ADJUSTABLE RATE MORTGAGE


Adjustable rate mortgages do what you'd expect - the rate 'adjusts'.

It works like this: With a fixed rate mortgage your monthly payments will be the same over the life of the mortgage. You'll always know what you'll have to pay. In contrast with an adjustable rate mortgage (sometimes called an ARM) your payments will change over time.

The mortgage payment will be 'adjusted' when the interest rate is adjusted. You can expect the interest rate to be adjusted at regular intervals.

Usually, you start with a period of a year at a fixed rate. This rate is often quite low, as an incentive to get an adjustable rate mortgage. Then, after the initial fixed period the interest rate is usually adjusted yearly to reflect the current rates. If the rates go down so do your mortgage payments. But if the rates go up, your payments will go up.

Here's an example: a "3/1 ARM" is fixed at an initial low rate for the first 3 years, and then adjusts every year based on an index. Common adjustable rate mortgages are: 1/1, 3/1, 5/1, 7/1, and 10/1. These adjustable rate mortgages stay fixed for 1, 3, 5, 7 or 10 years and then adjust every year.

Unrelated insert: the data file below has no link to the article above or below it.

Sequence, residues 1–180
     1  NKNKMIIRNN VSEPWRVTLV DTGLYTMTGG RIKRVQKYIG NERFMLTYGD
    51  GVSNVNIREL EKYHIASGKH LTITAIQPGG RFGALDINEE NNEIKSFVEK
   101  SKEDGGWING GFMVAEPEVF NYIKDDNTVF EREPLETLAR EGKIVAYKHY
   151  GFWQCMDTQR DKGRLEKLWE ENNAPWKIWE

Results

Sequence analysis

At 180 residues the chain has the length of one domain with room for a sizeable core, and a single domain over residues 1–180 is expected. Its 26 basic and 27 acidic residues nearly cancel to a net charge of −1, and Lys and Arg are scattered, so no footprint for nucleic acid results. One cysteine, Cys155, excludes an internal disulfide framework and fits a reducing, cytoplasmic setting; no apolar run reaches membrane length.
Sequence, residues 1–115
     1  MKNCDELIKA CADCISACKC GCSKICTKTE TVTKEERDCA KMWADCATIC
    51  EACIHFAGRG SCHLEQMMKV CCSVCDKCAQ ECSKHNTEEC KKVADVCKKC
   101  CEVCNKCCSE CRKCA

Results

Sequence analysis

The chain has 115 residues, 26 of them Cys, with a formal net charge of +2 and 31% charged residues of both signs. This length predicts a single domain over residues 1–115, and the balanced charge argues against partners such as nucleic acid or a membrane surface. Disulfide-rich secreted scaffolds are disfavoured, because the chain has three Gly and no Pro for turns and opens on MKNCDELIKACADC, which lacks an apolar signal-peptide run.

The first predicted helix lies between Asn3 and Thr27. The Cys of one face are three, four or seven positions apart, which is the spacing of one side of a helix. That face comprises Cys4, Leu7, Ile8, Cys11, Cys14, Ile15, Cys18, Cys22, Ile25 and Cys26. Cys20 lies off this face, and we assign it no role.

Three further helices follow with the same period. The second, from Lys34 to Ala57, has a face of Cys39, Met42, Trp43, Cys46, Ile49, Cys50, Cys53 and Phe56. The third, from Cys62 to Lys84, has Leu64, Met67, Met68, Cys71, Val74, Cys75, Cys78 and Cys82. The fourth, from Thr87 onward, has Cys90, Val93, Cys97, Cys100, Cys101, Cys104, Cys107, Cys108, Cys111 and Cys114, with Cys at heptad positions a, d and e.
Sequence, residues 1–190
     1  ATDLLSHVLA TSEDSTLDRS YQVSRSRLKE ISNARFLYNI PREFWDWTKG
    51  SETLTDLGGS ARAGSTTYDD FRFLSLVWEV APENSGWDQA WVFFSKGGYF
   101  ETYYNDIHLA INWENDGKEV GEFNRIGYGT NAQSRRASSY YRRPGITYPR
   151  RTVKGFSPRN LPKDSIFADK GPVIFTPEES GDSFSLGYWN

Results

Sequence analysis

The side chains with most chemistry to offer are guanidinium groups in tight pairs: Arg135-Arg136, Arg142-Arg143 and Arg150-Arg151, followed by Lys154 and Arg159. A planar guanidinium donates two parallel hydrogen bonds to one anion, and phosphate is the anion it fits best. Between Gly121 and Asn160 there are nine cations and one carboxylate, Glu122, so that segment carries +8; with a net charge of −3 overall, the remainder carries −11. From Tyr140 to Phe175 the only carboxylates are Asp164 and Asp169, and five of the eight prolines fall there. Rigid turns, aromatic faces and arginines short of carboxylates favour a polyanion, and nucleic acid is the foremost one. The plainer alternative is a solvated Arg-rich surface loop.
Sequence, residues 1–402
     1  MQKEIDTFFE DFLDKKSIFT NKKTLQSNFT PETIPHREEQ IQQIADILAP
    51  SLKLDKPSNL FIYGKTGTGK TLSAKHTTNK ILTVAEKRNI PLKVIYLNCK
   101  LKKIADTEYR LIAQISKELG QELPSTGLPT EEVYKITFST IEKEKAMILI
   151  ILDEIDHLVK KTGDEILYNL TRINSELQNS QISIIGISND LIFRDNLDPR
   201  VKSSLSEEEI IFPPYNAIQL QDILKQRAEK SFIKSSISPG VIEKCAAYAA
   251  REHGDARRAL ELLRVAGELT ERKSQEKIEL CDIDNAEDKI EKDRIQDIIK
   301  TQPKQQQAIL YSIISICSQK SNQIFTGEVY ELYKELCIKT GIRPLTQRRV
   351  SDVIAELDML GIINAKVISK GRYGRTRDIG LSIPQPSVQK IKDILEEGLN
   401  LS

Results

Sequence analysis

In general, if you are interested in an adjustable rate mortgage take a relatively short fixed term - 3 years is likely the best; depending on the interest rate you are offered for the fixed term.

The benefit of ARMs is you have periods of fixed interest and then opportunities to take advantage of current interest rates. If rates go down, you benefit. The problem is that you may find your rate adjusting during periods of rising interest and this can mean higher payments and more money out of your pocket. But these do give you some of the benefits of variable rate mortgages with more stability for those who want to mitigate the risk of a variable rate mortgage.

However, as with all good deals check the fine print. Sometimes, an adjustable rate mortgage can cost you more in the long run, especially after the initial incentive interest rate is replaced by an adjusted rate. Know what you are getting into.